Minnesota nonprofits probe the history of homelessness


As local emergency shelters scramble to find enough beds this winter, seven nonprofit organizations working with the homeless are offering the public an unusual class: the history of homelessness.

Stereotypes, racial disparities, redlining and the cost to the community are among the topics to be covered in the free training, offered in hope that educating people on the parameters and history of homelessness will compel them to advocate for change.

And the class is timely. Officials at local emergency shelters for the homeless say they have been overwhelmed by the number of families needing help in recent months.

About 1,000 volunteers today, Oct. 25, will visit shelters, soup kitchens, drop-in centers and street corners from one end of the state to the other to talk with homeless people and tally an official count, an exercise completed every three years. Results are compiled and analyzed by Wilder Research to better understand the causes, circumstances and effects of homelessness.

Community Sketchbook focuses on the economic and social challenges facing communities, especially low-income communities and communities of color, and how people are trying to address them.

It is made possible by support from the John S. and James L. Knight Foundation, The Minneapolis Foundation, and some Minneapolis Foundation donor advisors.

Community Sketchbook articles may be republished or distributed, in print or online, with credit to MinnPost and the foundations.

In 2009, the rate of homelessness was 18 per every 10,000 Minnesotans, an increase of 22 percent over 2006. Experts don’t expect a decline this year.

The last tally revealed a portrait of the state’s homeless: more families, more youths on their own, 62 percent people of color, including a disproportionate number of African-Americans.

John Vodicka, whose organization is one of those sponsoring the class, talked with me this week about homelessness and people’s understanding of it.

Stereotypes are abundant and “not all of them are false,’’ acknowledges Vodicka, who juggles jobs both as a part-time emergency shelter worker for Simpson Housing Service in Minneapolis and as the organization’s volunteer coordinator.

He recalled a recent visit to the shelter by a group of elementary school students. As they made peanut butter sandwiches for emergency shelter residents, Vodicka asked them to describe a homeless person.

Hands raised, they provided a flood of answers:  a person without a job or a place to stay, a person who’s lazy, uses drugs or alcohol, doesn’t want to work, has mental illness.

‘Recognize the humanity’

Vodicka challenges kids and their adult counterparts to think deeper, to “recognize the humanity” in the guy at the freeway exit begging for money or the woman pushing a cart full of all of her personal belongings.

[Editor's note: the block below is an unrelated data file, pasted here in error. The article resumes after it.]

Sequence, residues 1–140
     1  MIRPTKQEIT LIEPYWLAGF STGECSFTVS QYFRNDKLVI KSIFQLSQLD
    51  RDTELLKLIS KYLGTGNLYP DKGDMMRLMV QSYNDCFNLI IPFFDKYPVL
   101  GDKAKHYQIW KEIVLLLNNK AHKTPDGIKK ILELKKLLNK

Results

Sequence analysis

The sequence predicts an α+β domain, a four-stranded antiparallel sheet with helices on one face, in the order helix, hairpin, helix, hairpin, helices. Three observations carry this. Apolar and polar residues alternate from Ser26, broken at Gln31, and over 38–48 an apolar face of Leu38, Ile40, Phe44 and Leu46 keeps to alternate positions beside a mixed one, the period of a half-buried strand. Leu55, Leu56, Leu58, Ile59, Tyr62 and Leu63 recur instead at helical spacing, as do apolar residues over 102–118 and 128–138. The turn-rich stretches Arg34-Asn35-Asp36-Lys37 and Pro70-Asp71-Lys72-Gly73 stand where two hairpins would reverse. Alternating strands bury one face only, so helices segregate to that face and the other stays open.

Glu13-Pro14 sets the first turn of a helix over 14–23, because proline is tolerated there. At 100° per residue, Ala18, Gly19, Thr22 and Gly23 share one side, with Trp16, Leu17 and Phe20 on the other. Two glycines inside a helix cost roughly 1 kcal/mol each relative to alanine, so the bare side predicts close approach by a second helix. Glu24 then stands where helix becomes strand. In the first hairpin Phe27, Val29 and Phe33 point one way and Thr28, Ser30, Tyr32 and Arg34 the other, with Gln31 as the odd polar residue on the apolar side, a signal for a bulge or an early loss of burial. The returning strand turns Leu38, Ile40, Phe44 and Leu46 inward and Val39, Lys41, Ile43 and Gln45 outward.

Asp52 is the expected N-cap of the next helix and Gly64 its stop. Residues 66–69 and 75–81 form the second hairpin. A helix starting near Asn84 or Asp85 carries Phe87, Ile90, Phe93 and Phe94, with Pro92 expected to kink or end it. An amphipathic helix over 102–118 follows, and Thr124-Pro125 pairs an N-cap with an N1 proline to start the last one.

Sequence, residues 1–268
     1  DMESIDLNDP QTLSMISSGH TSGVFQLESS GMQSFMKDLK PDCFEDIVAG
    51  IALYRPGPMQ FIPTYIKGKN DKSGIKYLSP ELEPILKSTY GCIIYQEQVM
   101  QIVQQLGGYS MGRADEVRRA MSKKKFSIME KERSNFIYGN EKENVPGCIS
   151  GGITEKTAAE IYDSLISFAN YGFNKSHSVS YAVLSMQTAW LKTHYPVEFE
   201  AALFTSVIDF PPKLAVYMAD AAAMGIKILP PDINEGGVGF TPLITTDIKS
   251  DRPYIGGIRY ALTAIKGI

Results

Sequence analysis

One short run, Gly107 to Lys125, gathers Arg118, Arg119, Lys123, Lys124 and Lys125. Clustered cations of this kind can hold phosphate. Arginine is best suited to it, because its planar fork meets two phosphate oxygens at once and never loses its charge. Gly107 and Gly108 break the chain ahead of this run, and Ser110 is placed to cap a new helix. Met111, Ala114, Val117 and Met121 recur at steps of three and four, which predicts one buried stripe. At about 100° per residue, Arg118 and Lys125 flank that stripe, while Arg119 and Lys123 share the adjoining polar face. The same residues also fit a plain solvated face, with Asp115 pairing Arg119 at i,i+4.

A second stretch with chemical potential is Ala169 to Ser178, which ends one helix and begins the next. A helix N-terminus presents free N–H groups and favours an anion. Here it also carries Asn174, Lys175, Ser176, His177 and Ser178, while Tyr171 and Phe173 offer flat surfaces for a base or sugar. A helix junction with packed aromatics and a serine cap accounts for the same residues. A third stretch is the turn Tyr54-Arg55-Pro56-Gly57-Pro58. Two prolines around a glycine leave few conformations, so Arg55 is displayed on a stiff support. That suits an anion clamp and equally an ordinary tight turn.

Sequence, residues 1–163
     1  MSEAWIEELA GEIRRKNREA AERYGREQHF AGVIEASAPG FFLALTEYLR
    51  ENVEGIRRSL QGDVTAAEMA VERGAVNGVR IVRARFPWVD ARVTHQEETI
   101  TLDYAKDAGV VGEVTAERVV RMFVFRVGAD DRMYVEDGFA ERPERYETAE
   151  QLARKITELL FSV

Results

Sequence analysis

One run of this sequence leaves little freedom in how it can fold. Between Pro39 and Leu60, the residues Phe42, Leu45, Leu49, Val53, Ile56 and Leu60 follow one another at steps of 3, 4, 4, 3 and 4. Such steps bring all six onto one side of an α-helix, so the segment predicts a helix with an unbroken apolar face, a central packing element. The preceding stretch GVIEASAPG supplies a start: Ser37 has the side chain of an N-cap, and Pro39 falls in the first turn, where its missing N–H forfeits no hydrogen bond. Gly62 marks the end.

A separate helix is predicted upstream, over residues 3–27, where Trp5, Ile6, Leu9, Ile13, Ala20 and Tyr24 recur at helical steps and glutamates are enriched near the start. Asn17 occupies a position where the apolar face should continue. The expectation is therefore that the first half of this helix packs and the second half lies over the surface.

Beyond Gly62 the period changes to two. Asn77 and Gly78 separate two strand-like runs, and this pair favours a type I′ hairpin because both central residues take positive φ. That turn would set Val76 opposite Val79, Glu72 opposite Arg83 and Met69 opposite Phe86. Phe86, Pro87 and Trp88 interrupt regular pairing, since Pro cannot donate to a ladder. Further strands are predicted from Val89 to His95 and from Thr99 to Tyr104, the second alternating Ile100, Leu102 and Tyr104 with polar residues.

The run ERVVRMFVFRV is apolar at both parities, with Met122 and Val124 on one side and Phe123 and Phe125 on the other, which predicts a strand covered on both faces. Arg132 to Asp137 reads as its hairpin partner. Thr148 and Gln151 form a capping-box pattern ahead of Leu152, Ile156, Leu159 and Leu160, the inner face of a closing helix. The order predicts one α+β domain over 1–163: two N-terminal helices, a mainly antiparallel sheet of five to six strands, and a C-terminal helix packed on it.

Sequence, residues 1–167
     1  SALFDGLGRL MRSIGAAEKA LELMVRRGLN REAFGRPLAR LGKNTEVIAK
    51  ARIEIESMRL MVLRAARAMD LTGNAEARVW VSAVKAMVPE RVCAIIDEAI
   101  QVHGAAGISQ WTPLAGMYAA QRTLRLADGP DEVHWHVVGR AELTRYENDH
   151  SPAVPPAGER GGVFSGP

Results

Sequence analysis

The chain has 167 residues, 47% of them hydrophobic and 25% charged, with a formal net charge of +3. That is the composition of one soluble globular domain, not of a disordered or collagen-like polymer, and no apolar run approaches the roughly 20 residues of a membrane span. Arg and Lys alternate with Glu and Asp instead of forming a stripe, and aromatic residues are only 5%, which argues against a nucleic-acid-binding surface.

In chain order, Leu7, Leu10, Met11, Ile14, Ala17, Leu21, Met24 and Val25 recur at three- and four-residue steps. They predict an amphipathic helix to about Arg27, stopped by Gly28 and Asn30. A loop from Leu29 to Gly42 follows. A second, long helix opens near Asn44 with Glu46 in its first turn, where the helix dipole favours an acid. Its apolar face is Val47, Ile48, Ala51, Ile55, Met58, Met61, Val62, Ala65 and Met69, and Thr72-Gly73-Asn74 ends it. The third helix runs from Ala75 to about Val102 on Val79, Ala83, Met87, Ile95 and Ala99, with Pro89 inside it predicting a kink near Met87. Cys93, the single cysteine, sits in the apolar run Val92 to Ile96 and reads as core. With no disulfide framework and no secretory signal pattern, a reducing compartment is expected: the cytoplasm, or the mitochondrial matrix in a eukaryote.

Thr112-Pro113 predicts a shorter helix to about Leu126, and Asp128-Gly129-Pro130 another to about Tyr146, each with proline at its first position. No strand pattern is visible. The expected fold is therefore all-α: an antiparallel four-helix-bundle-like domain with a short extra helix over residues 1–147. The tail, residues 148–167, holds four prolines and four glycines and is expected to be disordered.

He tells them about his work in the shelter, about the sadness of turning people away. In fact, that had happened just the night before I talked to him, when Simpson (which has 66 emergency shelter beds) and the two other shelters they collaborate with operated their weekly lottery for places to sleep out of the cold. Ten people had to seek shelter elsewhere. 

That’s not unusual, especially in winter, Vodicka says, when Hennepin County and Minneapolis officials sanction opening of seasonal shelters.

Simpson provides 44 beds for men and 22 for women. But the cost of such temporary shelter is high, he says, contrasting about $900 a month to rent a one-bedroom apartment for a family of three versus about $2,550 for a month of shelter accommodation.

“[I]t just makes a lot more sense to spend the money in other ways,” he says.

Class on homelessness

Talking about the history of homelessness at the class will be Colleen O’Connor Toberman, volunteer coordinator of Our Savior’s Housing in Minneapolis.

She’ll discuss the disproportionately high numbers of people of color who are homeless and the reasons for that, including, she says in her explanation information,“institutional racism” in the United States and practices that historically made access to housing more difficult for non-whites.

In the training she also shares an excerpt from a PBS documentary called “Race: The Power of an Illusion’’: “Of the $120 billion worth of new housing subsidized by the government between 1934 and 1962, less than 2 percent went to non-white families.’’

“The Search for Home: An Introduction to Housing & Homelessness,’’ evolved a couple of years ago from a community gathering of advocates for the homeless hosted by Heading Home Hennepin in connection with the Office to End Homelessness in Minneapolis and Hennepin County.

Training sessions are held every couple of months with the next scheduled from 6 p.m. to 8 p.m. on Nov. 8. Find details here by clicking the “advocacy’’ box or contact Christina Giese at cgiese@simpsonhousing.org.

The training is sponsored not only by Simpson and Our Saviour’s, but also by: CommonBond Communities, Greater Minneapolis Crisis Nursery, Lutheran Social Service, Minnesota Association for Volunteer Administration and Twin Cities Habitat for Humanity.

To join a conversation about the Wilder count, check out a live Twitter conference sponsored by seven organizations serving the homeless, from noon to 12:30 p.m. today, Oct. 25. Tweet questions to @FollowMHP or email LRosenberg@mhponline.org.